When I joined Sevagram, the people there were skeptical of my teaching techniques and practices. The general perception was that since I had come from Rabindranath Tagore’s Shantiniketan known for its freethinking at Sevagram there was adherence to strict routines and discipline.
One day I wanted to take the students out for a picnic and my colleagues objected to this. They said what would the students learn at a picnic. My colleagues questioned my unconventional teaching methods. They were very orthodox people. So I went to bapu (Gandhiji) and said, “I want to talk to you”. He replied that I should write him a letter. So I wrote him a letter saying that this is what has happened and requested for his guidance on the issue. He wrote me back a letter.
The sense of the letter was that that since I had learnt my subject from a person like Nandlal Bose, had come here to impart that knowledge, I should do as I deem correct. He gave an analogy of sweeping- a person who sweeps the floor properly and picks up the dust and not merely puts it under the carpet. He said that I had learnt this meticulous living at Shantiniken. He gave me complete freedom to teach art to the pupils at Sevagram. That was the greatest freedom I could ever enjoy. When I showed this letter to my colleagues they were very surprised. They couldn’t say anything after this and accepted my position as an artist and as an art teacher.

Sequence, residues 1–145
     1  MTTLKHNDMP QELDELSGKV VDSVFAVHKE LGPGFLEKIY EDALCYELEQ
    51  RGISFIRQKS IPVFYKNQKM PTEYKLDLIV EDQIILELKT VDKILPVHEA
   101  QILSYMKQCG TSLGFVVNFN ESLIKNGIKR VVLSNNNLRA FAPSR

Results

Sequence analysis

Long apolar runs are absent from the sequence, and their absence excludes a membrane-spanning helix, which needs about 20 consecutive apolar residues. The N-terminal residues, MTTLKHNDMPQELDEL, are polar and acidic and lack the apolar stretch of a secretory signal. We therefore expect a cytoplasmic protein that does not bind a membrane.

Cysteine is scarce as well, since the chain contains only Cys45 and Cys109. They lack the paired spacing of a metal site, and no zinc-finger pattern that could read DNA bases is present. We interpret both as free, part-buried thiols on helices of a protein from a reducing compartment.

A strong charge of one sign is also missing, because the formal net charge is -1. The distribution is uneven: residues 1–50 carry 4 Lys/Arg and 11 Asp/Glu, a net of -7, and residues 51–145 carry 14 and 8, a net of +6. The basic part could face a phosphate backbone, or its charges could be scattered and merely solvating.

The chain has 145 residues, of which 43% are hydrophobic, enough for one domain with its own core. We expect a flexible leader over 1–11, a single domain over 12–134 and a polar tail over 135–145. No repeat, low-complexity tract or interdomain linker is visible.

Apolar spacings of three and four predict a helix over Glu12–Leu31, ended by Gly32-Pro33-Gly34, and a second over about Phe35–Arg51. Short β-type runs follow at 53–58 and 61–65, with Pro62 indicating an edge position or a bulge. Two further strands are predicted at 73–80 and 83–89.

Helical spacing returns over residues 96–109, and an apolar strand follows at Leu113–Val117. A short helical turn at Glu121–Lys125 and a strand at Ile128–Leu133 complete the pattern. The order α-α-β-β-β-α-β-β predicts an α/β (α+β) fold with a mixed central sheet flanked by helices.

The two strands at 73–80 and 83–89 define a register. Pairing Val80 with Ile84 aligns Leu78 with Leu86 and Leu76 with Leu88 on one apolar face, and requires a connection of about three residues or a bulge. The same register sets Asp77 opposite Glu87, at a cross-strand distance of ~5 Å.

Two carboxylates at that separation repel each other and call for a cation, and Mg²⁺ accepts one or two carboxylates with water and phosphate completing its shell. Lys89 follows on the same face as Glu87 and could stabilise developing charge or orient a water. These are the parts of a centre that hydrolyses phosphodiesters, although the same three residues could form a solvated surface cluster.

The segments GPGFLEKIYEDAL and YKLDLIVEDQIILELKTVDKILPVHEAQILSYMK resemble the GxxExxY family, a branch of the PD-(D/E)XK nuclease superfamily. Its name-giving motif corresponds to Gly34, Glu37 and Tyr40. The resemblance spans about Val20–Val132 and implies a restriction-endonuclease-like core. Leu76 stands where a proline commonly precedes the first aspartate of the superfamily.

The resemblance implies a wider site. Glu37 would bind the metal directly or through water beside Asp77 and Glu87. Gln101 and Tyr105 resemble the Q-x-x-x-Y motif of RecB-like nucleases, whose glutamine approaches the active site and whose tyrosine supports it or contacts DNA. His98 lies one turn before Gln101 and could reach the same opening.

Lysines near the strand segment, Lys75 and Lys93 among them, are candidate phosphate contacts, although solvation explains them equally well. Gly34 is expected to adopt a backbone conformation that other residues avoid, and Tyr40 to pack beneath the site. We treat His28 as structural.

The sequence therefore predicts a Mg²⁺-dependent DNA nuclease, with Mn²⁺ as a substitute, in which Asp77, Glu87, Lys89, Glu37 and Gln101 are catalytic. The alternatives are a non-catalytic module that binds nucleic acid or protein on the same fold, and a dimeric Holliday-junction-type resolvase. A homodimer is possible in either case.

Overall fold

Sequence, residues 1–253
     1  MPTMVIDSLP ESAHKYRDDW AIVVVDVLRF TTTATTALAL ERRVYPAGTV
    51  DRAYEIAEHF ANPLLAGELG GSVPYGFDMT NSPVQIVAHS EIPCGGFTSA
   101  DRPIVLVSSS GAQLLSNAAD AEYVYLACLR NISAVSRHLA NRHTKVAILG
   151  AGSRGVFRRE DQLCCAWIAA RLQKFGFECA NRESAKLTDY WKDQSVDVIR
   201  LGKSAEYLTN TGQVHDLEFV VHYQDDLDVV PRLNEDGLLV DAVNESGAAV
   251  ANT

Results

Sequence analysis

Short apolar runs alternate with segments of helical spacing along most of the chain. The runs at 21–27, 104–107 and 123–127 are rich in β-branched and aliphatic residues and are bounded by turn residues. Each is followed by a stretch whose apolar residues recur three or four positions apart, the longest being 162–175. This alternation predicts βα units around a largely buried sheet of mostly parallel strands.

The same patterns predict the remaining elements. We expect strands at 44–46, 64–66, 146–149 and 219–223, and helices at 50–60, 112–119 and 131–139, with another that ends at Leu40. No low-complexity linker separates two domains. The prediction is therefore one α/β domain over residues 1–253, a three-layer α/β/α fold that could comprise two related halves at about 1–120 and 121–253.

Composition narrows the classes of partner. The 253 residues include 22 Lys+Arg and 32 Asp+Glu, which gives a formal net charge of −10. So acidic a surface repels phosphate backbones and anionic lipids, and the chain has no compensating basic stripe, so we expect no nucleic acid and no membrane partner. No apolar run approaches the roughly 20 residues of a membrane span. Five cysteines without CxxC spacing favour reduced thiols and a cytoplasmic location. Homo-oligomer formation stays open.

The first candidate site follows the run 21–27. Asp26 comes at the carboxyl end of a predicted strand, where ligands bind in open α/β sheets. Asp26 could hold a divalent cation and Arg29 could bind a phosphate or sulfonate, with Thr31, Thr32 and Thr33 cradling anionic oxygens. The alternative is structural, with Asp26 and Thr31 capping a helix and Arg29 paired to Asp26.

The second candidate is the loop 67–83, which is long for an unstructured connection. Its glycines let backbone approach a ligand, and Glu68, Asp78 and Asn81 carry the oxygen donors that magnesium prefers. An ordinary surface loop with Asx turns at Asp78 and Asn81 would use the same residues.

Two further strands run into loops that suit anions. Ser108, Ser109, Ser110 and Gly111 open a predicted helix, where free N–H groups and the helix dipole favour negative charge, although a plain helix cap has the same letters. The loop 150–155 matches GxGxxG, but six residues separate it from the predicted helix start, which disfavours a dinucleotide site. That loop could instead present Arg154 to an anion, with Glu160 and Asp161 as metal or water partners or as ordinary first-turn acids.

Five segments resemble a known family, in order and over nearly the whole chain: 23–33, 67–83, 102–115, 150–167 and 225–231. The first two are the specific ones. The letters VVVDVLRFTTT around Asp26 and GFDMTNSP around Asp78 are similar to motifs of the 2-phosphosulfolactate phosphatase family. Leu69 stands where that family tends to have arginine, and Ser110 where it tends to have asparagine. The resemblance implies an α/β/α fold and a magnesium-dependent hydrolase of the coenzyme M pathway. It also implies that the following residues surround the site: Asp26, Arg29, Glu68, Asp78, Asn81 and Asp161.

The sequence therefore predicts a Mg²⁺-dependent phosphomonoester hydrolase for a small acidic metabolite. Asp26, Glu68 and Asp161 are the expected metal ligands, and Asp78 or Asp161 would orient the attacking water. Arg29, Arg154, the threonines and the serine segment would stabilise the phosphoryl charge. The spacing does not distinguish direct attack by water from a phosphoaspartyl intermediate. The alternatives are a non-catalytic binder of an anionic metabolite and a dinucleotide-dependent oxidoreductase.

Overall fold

I still have Gandhiji’s letter with me. He had a magnetic charm. Just by looking at him one felt that he was like a father. And he even behaved like one.